It’s estimated that there are 350 types of pasta worldwide. They all vary in cut, shape, and thickness. While they are often tossed in sauce they can also be used in soups or made into cold salads. In order to choose the right pasta for your dish, you want to consider the pasta’s size, shape, and texture. Here are 5 unique pastas commonly found in popular authentic Italian dishes that can be found at Sansone Market:
Commonly known as bowtie pasta, farfalle is the Italian word for butterfly. However, in the Italian city of Italy it is known as strichetti. Meanwhile, there are larger and miniature versions – farfalloni and farfalline. It is made by cutting fresh pasta into small rectangles and pinching the centers together to form the bowtie or butterfly-like shape. According to culinary experts, farfalle is most often served with creamy sauces, fresh tomato sauces, and sauces featuring cheeses such as alfredo sauce.
Campanelle, the Italian word for “little bell,” is a bell-shaped pasta with fluted, petal-like edges. Its hollow center makes it ideal for capturing sauce and is ideal for meaty sauces or in casseroles. It also pairs well with dairy-based sauces like alfredo, paglia e fieno (a compilation of peas, cream, and spinach, and carbonara (made of eggs, cheese, and bacon). Since these sauces are high in fat, in authentic Italian cuisine they are meant to thinly coat, or “kiss,” the pasta. However, campanelle also pairs nicely with meat sauces, fish-based sauces, and heavier tomato sauces – making it a great addition for diversity in your pantry.
Another one of the unique pastas is acini di pepe. Also referred to as pastina, acini di pepe translates to “small parts of the pepper” in Italian. Its miniscule size and rounded shape, similar to Israeli couscous, makes for a versatile pasta that can be used in a wide variety of dishes. However, it is most commonly used in soups and pasta salads. If you’re using it in a soup, you can cook it right in the broth. It expands considerably as it cooks and continues to soak in liquid as it sits. With this in mind, it is best to serve your soup as soon as the pasta is cooked.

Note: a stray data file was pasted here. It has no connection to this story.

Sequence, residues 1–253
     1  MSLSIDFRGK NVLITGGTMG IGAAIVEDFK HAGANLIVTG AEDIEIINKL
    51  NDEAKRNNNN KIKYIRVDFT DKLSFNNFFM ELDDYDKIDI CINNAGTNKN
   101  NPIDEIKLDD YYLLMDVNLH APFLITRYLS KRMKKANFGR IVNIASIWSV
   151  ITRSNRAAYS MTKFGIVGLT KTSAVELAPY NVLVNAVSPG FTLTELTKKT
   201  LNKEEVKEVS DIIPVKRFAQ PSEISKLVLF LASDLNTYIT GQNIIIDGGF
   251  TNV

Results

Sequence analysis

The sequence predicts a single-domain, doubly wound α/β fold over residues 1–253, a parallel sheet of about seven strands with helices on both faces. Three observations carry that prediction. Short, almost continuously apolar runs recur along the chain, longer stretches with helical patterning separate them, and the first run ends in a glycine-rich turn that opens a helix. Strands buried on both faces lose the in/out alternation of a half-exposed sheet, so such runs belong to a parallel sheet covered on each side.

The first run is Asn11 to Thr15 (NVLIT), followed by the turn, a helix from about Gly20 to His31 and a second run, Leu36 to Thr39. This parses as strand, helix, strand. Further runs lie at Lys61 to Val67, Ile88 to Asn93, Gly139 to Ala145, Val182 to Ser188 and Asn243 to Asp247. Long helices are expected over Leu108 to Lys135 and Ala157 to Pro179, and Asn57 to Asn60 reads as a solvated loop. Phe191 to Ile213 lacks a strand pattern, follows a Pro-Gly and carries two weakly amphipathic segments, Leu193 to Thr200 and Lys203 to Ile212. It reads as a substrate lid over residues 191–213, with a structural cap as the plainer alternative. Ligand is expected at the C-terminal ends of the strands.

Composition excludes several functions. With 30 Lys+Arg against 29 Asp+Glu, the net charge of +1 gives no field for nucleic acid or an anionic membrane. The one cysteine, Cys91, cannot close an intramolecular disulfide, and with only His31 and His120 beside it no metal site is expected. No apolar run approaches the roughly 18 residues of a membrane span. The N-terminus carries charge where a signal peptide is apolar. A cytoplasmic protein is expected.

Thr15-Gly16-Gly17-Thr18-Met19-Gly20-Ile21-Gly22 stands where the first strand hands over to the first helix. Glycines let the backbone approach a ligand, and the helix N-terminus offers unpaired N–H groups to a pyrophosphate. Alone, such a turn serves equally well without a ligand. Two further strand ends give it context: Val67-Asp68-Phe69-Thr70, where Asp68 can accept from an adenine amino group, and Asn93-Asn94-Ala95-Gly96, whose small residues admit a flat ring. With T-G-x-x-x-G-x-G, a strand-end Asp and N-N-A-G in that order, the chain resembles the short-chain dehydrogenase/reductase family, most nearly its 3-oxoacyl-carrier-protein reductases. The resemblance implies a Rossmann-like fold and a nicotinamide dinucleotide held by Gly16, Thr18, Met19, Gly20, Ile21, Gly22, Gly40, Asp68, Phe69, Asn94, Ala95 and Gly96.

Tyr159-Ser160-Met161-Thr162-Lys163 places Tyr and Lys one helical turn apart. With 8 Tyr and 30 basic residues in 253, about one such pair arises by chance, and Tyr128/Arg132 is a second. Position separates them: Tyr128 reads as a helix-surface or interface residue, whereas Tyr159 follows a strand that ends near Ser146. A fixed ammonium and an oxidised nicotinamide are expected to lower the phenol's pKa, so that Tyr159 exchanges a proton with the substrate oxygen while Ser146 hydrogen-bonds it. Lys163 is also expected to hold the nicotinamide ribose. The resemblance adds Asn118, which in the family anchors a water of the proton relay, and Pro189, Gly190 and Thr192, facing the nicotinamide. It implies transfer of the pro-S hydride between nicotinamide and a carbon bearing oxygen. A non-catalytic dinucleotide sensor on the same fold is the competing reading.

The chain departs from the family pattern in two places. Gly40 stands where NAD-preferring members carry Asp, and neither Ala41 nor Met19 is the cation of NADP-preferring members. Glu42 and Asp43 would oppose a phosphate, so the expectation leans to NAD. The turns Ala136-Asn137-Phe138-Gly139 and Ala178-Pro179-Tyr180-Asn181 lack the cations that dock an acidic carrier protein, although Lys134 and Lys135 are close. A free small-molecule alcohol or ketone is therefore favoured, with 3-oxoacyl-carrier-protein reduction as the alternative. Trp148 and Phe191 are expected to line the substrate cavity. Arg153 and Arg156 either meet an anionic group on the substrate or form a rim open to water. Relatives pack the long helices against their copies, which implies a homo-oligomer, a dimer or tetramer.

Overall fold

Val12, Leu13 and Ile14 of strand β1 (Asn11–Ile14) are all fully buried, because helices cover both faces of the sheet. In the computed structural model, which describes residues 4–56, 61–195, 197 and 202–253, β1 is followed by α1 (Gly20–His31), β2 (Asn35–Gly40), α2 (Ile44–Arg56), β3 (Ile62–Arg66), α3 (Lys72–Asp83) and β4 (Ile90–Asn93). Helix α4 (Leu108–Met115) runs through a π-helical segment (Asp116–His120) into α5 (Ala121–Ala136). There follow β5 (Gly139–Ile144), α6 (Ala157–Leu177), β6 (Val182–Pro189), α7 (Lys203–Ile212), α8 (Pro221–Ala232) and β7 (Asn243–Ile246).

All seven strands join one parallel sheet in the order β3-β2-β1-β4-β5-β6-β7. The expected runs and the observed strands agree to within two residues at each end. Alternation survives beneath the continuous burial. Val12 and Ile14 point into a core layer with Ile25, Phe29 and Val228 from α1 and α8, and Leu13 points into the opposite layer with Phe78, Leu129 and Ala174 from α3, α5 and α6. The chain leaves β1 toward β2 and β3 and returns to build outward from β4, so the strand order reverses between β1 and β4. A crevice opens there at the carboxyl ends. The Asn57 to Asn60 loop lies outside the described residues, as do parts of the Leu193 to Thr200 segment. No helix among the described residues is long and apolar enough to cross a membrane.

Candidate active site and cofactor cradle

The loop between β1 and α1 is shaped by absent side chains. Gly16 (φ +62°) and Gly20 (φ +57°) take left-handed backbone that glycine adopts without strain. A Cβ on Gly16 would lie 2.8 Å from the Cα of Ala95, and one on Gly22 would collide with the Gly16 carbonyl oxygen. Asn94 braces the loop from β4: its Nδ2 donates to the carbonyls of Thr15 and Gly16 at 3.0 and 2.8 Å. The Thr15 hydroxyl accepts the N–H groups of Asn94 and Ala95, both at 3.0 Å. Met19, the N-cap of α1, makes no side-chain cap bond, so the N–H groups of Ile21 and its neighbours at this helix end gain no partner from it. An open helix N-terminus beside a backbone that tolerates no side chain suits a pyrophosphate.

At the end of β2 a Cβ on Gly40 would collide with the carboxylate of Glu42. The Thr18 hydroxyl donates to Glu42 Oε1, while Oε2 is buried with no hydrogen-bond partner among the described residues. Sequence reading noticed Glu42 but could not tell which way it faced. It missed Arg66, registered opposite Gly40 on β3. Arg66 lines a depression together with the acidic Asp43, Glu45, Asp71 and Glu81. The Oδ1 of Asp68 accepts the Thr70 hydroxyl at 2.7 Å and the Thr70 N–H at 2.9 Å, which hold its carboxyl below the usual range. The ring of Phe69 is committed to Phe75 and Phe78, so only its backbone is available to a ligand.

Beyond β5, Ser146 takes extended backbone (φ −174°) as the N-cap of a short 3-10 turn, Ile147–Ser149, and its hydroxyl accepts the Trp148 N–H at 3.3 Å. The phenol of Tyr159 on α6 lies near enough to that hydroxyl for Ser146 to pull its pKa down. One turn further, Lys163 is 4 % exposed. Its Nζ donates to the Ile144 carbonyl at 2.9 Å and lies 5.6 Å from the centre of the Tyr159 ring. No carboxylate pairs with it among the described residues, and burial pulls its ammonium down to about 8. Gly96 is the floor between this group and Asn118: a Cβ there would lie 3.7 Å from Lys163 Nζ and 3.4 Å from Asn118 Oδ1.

Gnocchi are small, soft dumplings traditionally made from potatoes, eggs, and flour. It is known for being hearty and is great with rich sauces. Meanwhile, it can also be baked. gnocchi dough is often rolled out before being cut into small pieces. Then it is pressed with a fork or cheese grater to create ridges, which hold sauce. The gnocchi is cooked on its own in salted boiling water and then dressed in a sauce, depending on the sauce or recipe. And just like many Italian dishes, there is tremendous variation in recipes and names regionally. For instance, Tuscan gnudi contains less flour while Apulian cavatielli is flour based. Some types of gnocchi can even be made from cooked polenta or semolina. Traditionally, gnocchi is served as a first course in Italian cuisine.
Here is a Sansone Market gnocchi recipe for your dinner table this week:
1 (16-ounce) package vacuum-packed gnocchi (such as Vigo)
2 tablespoons butter
2 tablespoons pine nuts
2 garlic cloves, minced
1 (10-ounce) package fresh spinach, torn
1/4 teaspoon salt
1/4 teaspoon freshly ground black pepper
1/4 cup (1 ounce) finely shredded Parmesan cheese
1. Cook gnocchi according to package directions, omitting salt and fat; drain.
2. Heat butter in a large nonstick skillet over medium heat. Add pine nuts to pan; cook 3 minutes or until butter and nuts are lightly browned, stirring constantly. Add garlic to pan; cook 1 minute. Add gnocchi and spinach to pan; cook 1 minute or until spinach wilts, stirring constantly. Stir in salt and pepper. Sprinkle with Parmesan cheese.
Orecchiette is very popular in Southern Italy, specifically Puglia, the sunny province where it originated. It directly translates to “little ears,” referring to its concave shape. The ridges and cup-like interior captures sauces well and can scoop up small vegetables. It pairs nicely with ingredients like peas, pancetta, and cream with the shape scooping up the peas and small chunks of meat. Puglia is the largest producer of extra virgin olive oil in Italy, with 50 to 60 million olive trees, so this pasta inherently is perfect for sautés, which feature with the oil.
While popular pastas like spaghetti, rigatoni, and penne are all great options, using these five unique pastas for your next dinner will expose you to some true authentic Italian cuisine. Each of these pastas can be conveniently found at Sansone Market and Sansone Food Products with a dedicated team who are ready to suggest recipes and pairings.